As the clouds started rolling in, we decided we should probably head back before the rain started and waited on the make-shift deck(as the rising water level has basically consumed what used to be their dock, as well as the front barriers to keep the water out of the buildings near the dock). We then caught our boat ride back home and walked back from the Panajachel dock to our apartment. We then rested at home for a bit and again headed out(in the pouring rain, with our ponchos on) with our ukuleles to a nearby bar/restaurant where a friend had asked us to meet him and a few others for a jam session.

We were the first to arrive so we drank a few cuba libres, then started talking to a Hungarian violin player that plays some amazing violin at various bars around town. We then decided to play on stage with her – Lex and I playing uke and her playing violin. We ended singing Faith by George Michael, and then it was time for another jam group to go on. Our friend Jerrod played the bass, while a Guatemalan couple played the drums and the guitar and a French rapper/beat-boxer took the mic… it was pretty sweet! After they were done playing, our group took turns singing, playing guitar, ukulele, etc. It was a very fun night – finally got to play some music a bit, other than uke in our apartment!

Oh yeah… both Saturday and Sunday evenings we found a scorpion crawling around the ceiling and used a broom and a book to bring the little fellows to their demise. We’re wondering why we are having so many when most people we’ve talked to haven’t seen one… superstition has it that when you kill one, another one returns in it’s place – AAAHH!

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Chichi market and back to school!

Sunday, Lex and I woke up super early(as we’ve been waking up at around 9 – 9:30 every day) to hop on the shuttle to go to Chichicastenango. Chichi is a large, predominantly indigenous town that is famous for it’s giant markets on Thursdays and Sundays. About 14 of us piled into a tiny shuttle at 8:00 am and set off on the pot-hole filled road(the only road) that gets you out of San Pedro. The ride wasn’t incredibly pleasant as we had a car full of young Israeli kids that somehow took control of the radio and started playing loud Israeli music most of the ride. Some of them had just gotten out of the army and apparently it’s custom for them to travel a bit as soon as they’re finished. Just wish the Israeli dance party wasn’t quite so early in the morning!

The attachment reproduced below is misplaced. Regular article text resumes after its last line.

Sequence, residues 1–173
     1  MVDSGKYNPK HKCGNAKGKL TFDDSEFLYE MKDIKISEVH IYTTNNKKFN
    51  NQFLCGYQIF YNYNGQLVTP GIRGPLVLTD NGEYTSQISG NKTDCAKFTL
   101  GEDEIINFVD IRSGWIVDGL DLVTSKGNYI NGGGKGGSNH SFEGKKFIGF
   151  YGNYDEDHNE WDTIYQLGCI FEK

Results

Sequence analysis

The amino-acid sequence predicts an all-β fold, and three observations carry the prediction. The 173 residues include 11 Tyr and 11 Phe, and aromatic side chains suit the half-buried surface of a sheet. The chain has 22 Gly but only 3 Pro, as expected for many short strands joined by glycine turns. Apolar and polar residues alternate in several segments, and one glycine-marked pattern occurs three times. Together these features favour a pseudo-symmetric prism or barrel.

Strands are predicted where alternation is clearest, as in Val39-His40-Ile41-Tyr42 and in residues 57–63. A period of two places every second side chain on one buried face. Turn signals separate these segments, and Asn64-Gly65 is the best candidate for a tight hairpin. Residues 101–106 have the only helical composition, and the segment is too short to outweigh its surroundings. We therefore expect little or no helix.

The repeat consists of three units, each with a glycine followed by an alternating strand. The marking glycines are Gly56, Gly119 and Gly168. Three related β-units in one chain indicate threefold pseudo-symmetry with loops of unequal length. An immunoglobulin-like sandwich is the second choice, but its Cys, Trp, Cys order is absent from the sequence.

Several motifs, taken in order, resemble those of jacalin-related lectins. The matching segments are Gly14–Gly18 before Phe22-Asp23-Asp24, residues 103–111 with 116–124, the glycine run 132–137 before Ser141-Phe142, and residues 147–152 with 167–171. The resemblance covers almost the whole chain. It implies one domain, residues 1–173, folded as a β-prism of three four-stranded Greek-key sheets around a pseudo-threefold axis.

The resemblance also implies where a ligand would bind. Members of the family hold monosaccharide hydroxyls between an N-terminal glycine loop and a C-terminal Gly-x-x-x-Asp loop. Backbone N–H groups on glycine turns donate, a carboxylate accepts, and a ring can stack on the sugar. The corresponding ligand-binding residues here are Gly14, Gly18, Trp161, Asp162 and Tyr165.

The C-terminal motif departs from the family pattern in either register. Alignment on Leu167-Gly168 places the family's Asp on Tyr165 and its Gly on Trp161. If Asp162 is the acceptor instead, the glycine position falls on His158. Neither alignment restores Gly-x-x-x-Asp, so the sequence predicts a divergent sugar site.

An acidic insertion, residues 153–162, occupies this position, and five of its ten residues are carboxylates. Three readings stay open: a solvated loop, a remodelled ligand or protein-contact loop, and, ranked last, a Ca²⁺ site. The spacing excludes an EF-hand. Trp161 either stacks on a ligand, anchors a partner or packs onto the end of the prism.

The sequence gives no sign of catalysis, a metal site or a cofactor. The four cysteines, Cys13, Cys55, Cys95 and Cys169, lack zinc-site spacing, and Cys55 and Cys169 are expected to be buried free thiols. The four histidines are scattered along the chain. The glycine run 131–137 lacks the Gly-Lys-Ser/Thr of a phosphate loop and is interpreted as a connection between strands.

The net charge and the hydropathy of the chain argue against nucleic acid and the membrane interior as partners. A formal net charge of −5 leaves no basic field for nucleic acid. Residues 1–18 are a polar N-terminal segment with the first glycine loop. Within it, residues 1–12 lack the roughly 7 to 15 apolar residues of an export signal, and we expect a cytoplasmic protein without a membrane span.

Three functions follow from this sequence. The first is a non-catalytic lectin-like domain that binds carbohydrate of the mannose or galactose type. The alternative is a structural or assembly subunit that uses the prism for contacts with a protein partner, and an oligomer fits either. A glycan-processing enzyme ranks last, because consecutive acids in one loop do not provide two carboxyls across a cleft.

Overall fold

Anyway, it took about 2 1/2 hours to get to Chichi, with a stop at a small tienda on the way where we had to pay the equivalent of $.12 to use the bathroom which didn’t have a toilet seat or toilet paper. As soon as we stepped off the shuttle, the driver pretty much let us free without any real direction as to where the market was, but apparently he told a few of the other people on the bus that it was up the hill. We found it easily and the second we stepped in, were bombarded with offers to buy beautiful textiles from all of the local woman. I’ve never said, “no, gracias” more times in my life! We walked around for a few minutes, catching a glimpse of a holy parade, complete with icon-statue-type saint depictions and burning sage. We then decided to eat some food and drink some cafe at a local cafe before really diving in.

We ate some delicious eggs, pancakes, bread and cafe with a 2 other girls from our school that came along, and then set out into the wilderness of the market! We were again bombarded, but got fairly good at not making eye contact and politely saying no when we didn’t want something. I bought a few candles(to light up our awkwardly dim apartment), some pasta(as it was super cheap), handmade bracelets for Lex and I, and finally at the end haggled a bit with a woman for a beautiful handmade purse that has a parrot on it. Ooh, I also got a cute little something for my mom that hopefully she’ll like.

We then just wandered around for a while, until it was time to make the trek home, seeing a beautiful scene of women selling flowers on church steps and smelling raw meat hanging in stands.

The start of this week has been pretty calm – we’re back to Spanish lessons this week, which I think we’re both slowly getting better at. We also made a trip to the market(the local market) on Monday where we bought carrots, potatoes, tomatoes, chiles and a pineapple! We’ve been pretty good about cooking most of our meals at home but are finally starting to incorporate some fresh, local ingredients into our meals! Last night, however, I started having a bit of what I’ll refer to as the “D”… I believe it was from drinking some of the coffee at the school, as I’m not sure if they use purified water and the water isn’t boiled per say. Anyway, hopefully that will go away soon, but I’ve made it 2 weeks in Guatemala so far!